Red Hat's Big Data Push: All Hat, No Cattle

Big Data is, well, big these days. (Maybe too big for its own good.) So it should surprise exactly no one that Red Hat, itself a big open-source enterprise software and services company, wants to wear the Big Data hat, too. Which is exactly what it announced in an hour-long Webcast on Wednesday.

So, terrific. Red Hat is now a Big Data company – at least, that is, if you believe Red Hat. What does that mean, exactly? Surprisingly little.

Let's put it this way: Red Hat's big news was that it is open-sourcing its storage plug-in for Hadoop, a popular open-source software framework that supports both distributed data and distributed applications. (Simpler explanation: Hadoop makes it possible to run data-intensive applications physically near the data itself, which greatly speeds things up because it's no longer necessary to shuttle great piles of data across a network.)

As a step toward transforming Red Hat's own storage file system into a "fully-supported, Hadoop-compatible file system for big data environments," as the company puts it, this is doubtless noteworthy. As something concrete on which enterprise customers can, uh, hang their hat, it leaves a lot to be filled in later.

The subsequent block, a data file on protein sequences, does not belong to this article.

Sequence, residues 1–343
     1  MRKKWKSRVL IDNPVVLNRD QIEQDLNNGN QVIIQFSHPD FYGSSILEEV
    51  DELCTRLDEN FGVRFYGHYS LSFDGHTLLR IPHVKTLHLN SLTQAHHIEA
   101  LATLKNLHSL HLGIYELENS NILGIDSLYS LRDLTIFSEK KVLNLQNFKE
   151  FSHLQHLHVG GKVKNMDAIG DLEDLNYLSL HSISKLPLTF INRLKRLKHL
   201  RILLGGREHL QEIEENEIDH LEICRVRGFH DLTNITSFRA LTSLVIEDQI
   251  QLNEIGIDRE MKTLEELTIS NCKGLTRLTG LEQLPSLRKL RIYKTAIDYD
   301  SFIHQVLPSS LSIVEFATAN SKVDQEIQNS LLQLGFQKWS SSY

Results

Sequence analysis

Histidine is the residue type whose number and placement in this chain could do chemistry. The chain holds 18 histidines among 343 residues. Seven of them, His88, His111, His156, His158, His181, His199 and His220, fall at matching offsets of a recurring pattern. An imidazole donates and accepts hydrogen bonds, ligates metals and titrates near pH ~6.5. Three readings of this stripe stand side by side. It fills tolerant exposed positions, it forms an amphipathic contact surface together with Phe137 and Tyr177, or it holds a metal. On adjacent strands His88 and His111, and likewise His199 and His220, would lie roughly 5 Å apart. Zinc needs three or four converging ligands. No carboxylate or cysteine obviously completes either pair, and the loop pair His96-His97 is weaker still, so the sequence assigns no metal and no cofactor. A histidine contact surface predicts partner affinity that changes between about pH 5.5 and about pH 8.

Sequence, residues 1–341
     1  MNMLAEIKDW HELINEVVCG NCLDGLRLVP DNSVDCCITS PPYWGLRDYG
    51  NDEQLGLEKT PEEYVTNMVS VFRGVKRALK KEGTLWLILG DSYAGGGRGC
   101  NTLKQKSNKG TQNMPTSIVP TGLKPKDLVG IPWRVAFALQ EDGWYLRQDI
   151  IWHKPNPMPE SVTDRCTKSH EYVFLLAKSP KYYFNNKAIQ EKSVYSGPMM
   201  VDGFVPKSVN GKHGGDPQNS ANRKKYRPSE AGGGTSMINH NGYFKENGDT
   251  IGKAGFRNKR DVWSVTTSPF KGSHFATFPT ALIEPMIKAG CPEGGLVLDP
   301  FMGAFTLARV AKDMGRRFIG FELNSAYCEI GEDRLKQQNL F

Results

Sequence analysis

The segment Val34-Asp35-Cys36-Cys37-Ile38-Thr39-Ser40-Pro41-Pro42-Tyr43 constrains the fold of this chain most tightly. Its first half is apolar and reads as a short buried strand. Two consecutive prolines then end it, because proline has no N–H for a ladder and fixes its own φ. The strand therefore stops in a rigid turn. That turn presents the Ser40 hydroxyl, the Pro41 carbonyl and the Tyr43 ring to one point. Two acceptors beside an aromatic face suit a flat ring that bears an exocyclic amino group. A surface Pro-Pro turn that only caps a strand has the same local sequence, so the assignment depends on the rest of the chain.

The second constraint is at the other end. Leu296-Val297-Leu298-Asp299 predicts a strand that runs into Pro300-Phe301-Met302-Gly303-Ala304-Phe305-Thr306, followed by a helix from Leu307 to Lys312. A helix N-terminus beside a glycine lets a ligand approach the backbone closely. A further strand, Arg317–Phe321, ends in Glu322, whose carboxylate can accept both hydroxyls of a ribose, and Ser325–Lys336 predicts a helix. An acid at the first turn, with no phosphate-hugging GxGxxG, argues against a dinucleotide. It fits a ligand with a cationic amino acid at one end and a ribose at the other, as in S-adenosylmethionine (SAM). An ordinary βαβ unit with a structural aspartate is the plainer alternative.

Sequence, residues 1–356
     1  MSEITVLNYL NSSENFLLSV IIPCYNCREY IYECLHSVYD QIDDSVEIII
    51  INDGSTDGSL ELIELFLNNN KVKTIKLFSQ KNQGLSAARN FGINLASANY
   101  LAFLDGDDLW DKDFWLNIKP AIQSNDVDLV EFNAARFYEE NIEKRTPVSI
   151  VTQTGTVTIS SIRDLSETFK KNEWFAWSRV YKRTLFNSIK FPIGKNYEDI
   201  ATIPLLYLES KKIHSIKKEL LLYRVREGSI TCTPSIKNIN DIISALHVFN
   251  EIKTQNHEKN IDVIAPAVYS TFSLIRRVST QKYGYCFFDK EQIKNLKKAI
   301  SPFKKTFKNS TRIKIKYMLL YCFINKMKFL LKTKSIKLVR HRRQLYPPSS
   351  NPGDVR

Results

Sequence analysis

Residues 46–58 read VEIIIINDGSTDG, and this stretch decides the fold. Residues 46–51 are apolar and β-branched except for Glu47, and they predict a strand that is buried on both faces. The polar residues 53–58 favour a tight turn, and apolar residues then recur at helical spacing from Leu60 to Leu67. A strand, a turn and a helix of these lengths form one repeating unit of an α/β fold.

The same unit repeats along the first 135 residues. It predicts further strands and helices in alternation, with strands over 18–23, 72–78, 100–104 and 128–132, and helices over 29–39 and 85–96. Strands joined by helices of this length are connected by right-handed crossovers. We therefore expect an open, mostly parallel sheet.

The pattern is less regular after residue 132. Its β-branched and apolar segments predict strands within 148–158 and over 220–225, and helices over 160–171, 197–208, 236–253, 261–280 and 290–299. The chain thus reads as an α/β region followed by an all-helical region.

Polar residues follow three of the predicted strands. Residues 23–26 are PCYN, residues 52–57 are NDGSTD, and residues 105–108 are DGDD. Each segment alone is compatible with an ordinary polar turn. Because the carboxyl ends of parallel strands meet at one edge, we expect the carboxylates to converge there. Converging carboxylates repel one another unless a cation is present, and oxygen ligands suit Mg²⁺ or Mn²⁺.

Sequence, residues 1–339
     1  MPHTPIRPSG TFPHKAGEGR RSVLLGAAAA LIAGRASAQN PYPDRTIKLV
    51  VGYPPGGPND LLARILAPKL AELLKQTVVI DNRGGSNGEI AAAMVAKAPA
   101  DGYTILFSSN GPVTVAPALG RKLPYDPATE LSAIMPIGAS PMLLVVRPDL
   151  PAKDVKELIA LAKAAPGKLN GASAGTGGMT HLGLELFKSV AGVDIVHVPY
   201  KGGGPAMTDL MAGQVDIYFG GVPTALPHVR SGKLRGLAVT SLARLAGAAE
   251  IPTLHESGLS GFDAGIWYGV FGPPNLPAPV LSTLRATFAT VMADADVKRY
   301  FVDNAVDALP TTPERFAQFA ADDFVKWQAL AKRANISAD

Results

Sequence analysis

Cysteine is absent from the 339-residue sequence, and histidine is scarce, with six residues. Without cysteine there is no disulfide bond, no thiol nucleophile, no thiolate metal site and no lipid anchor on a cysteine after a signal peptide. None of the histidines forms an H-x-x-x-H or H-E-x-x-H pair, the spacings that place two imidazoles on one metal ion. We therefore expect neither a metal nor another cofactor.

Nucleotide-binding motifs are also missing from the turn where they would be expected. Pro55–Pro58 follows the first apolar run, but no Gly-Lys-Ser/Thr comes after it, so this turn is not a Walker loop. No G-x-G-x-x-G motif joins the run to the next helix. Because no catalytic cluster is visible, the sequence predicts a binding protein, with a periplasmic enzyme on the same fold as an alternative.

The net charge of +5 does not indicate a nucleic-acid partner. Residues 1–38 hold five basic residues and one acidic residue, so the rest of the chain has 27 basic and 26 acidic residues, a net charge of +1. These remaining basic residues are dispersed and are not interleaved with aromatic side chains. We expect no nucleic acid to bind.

That wouldn't be a problem if Red Hat had provided other noteworthy details, such as a road map for its development of what it calls an "open hybrid cloud." It's a nifty enough idea, essentially amounting to a data environment that would help business move their applications from in-house servers to those offered by cloud providers such as Amazon's Web Services unit without having to rewrite them.

But while Ranga Rangachari, Red Hat's vice president of storage, talked up the open hybrid cloud and the "robust network" of partners Red Hat plans to work with to make it a reality, he had nothing to say about time frames or even the identities of its partners. "Just stay tuned as we come up with more definite dates and times and start – we'll absolutely make those partners available," Rangachari pleaded at the end of the event.

Maybe Red Hat is saving the details for the next roundup.

(See also Big Data: Red Hat's Jim Whitehurst Looks 20 Years Into The Future)

 

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